The changes in the world of energy, both geographically and technologically, have been enormous during just the past decade. But almost certainly the years between now and, say, 2020 will be every bit as eventful, especially in places like the U.S., Russia, and, of course, Brazil.
South America's biggest country came on like gangbusters following the 2007 discovery in the deepwater Santos basin of the giant Tupi field by state-controlledPetrobras and its partners. Tupi resulted in a virtual stampede of companies to Brazil, all intent on dipping drill bits into the South Atlantic's Santos. Collectively, the group, which was led by Royal Dutch Shell -- the first foreign company to produce crude oil in the country -- has added enough additional finds to rank Brazil as the locus of a third of all the oil subsequently discovered worldwide.
The big one packs it in
None of this is to imply that uncovering hydrocarbons by simply wetting a bit in the Santos basin is a given, or that operations off the Brazilian coast are technically or politically simple. None other than ExxonMobil , the biggest of Big Oil, threw in the towel on its only ongoing Santos basin exploration effort last spring. Along with its partners Hess and Petrobras, the company relinquished the block in which it was drilling.
Keep in mind that South American governments are almost never pillars of predictability, and Brazil's is no exception. Chevronconfirmed such when it spent a good part of 2012 locking horns with the country's powers-that-be following a November 2011 oil spill in the company's Frade field in the Santos basin. The 3,600-barrel spill was essentially minuscule, at least compared with BP's 4.9 million-barrel 2010 Macondo gusher in the Gulf of Mexico.
That, however, didn't thwart Brazilian officials from seeking fines in the billions of dollars, charging employees of both Chevron and driller Transocean criminally, and temporarily barring both companies from operating in the country. And while it was pursuing the Frade frenzy, the government of President Dilma Rousseff was forced to deal with an emerging bribery and influence-peddling scandal at the highest levels of her governing Workers Party.
Most of those alleged transgressions had occurred under the presidency of Rousseff's predecessor, Luiz Inacia Lula da Silva, but they nevertheless continue to hinder the current regime and have done nothing to reverse the nation's economic softness. After expanding at a healthy 7.5% rate in 2010, Brazil's growth slowed to 2.7% in 2011 and tumbled to not much above 1% last year.
More challenging for energy companies working in the Santos basin, however, are the extreme geologic conditions with which they're forced to contend. The biggest finds have occurred in a "pre-salt" region of the Santos. Wells there typically require drilling in more than 5,000 feet of water, penetrating thousands of feet of rock, and then continuing on through salt layers also with thicknesses in the thousands of feet. The conditions are sufficiently challenging thatSchlumberger , the industry's technology leader, has established a research facility in Brazil, with the intention of developing procedures for dealing with the pre-salt, which is thought to sit atop between 50 billion to 100 billion barrels of oil equivalent.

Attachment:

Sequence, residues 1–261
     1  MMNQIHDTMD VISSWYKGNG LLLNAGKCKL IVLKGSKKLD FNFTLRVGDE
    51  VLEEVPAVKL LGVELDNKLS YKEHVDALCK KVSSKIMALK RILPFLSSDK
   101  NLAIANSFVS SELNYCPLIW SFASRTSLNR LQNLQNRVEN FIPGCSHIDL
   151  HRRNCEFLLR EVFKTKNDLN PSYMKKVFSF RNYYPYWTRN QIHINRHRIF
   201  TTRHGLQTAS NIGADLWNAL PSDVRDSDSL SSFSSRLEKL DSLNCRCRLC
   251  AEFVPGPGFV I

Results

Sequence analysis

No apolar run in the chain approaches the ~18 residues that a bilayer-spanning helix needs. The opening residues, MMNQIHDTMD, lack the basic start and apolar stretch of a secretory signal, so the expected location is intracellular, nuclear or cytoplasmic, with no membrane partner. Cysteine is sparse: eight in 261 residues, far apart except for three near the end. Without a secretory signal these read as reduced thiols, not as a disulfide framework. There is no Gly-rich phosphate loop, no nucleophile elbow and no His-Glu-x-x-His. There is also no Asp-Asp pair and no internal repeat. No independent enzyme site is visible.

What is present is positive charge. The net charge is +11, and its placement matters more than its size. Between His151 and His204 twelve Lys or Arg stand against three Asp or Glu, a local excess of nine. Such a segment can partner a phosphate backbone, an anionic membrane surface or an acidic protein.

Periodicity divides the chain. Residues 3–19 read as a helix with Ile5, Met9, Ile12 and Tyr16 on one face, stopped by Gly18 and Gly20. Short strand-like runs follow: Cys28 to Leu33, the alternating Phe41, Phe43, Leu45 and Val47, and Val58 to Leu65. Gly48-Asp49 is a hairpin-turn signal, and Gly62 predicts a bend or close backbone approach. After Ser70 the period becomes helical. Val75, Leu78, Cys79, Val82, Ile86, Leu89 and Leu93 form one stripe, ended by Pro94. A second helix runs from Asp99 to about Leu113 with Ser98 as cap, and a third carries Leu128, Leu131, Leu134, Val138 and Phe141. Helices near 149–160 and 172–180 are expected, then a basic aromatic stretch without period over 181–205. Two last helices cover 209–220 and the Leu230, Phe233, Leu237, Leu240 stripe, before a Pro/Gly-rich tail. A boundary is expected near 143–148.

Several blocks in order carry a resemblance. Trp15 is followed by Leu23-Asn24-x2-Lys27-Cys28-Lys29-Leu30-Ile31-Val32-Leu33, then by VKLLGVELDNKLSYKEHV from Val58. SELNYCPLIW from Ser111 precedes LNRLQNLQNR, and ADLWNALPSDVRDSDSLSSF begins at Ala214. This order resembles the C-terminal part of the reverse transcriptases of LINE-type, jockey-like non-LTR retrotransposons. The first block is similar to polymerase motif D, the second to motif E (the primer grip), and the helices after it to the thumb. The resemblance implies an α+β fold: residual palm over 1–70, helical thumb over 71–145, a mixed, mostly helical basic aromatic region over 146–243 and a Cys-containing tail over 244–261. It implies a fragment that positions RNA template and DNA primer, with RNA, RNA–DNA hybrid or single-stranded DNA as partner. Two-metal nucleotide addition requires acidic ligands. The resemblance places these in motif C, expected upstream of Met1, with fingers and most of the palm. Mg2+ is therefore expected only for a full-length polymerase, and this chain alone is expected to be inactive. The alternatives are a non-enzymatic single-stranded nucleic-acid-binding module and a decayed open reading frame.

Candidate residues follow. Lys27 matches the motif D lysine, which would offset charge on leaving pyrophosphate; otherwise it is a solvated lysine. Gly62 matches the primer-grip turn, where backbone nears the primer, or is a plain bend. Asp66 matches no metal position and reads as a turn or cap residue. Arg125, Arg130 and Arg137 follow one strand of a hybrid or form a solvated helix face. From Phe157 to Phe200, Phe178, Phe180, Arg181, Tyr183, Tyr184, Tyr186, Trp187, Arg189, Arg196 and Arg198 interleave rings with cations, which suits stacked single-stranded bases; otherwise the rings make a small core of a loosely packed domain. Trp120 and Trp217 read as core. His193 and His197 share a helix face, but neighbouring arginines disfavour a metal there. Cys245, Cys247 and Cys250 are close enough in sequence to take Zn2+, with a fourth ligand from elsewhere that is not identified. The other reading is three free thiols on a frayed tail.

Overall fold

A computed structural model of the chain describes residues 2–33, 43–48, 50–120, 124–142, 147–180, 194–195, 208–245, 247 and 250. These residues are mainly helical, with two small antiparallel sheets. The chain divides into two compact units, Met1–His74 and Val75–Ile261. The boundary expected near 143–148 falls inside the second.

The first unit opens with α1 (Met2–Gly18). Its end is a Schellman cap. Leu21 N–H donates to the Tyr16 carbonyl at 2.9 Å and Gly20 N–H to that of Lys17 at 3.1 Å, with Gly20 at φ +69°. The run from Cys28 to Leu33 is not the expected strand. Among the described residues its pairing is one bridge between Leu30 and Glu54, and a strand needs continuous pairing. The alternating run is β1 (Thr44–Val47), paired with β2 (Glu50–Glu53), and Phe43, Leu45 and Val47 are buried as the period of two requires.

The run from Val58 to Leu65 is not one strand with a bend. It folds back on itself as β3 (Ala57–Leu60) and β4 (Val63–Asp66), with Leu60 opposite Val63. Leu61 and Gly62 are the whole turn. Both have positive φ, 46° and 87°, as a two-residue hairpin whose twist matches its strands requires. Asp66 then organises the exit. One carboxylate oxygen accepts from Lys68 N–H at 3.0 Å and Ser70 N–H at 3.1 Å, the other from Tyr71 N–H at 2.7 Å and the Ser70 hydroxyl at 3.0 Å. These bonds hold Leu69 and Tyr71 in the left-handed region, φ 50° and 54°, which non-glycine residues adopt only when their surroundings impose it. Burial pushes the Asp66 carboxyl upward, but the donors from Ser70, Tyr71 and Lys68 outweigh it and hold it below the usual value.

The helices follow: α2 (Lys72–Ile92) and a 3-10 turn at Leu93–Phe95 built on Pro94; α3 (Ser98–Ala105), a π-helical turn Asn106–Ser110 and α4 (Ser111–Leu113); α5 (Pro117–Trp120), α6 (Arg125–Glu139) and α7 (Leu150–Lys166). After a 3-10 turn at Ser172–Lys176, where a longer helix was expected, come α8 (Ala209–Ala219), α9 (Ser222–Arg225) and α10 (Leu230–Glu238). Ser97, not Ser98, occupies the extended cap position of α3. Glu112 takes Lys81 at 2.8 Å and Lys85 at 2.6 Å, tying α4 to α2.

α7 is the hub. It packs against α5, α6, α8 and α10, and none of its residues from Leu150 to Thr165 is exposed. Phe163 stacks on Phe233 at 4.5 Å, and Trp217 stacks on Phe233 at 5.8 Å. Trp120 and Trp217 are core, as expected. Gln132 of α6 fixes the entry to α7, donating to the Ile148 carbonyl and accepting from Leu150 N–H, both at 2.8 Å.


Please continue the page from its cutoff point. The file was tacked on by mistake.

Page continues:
Among other things, the Santos requires ultra-deepwater drilling rigs that typically carry a price tag in the $600 million range and contribute mightily to the costs of exploratory wells, which frequently top $100 million per copy. For now, there's a marked shortage of rigs capable of working in pre-salt conditions, making the latter figure likely to edge higher. No wonder ExxonMobil chose to pick up its marbles and move on.
Questionable regs and a bloated budget
Perhaps the company was also less than pleased by the implementation of 2010 regulatory reforms covering the pre-salt. The most onerous of the provisions -- and likely the most detrimental to progress in the area -- is the requirement that Petrobras serve as sole operator on each pre-salt project and that the company be granted at least a 30% interest in all such programs. In part as a result, there is mounting evidence that foreign companies, the drillers in particular, are somewhat less than secure vis-a-vis their potential treatment by Brazilian authorities.
Much of Brazil's current production occurs in the country's Campos basin, which has been worked far longer than its pre-salt Santos sibling. Nevertheless, authorities in the country expect to spend more than $50 billion of a total budget north of $200 billion on pre-salt exploration and production activities by just 2015. Opinions abound, however, that the spending will come up short, because of the potential for capital insufficiency, technological roadblocks, or administrative obstreperousness.
The Foolish takeaway
The pre-salt beat goes on, however. Just last week, Petrobras announced yet another apparently meaningful discovery in more than 7,000 feet of water nearly 200 miles off Rio de Janeiro state. As such, it's difficult to conceive of any single country that will merit closer attention by energy investors than Brazil in the years ahead.
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The article Brazil: The Good, the Bad, and the Oily originally appeared on Fool.com.
David Lee Smith owns shares of BP and Transocean. The Motley Fool recommends Chevron and Petrobras and owns shares of ExxonMobil, General Electric, and Transocean. Try any of our Foolish newsletter services free for 30 days. We Fools don't all hold the same opinions, but we all believe that considering a diverse range of insights makes us better investors. The Motley Fool has a disclosure policy.
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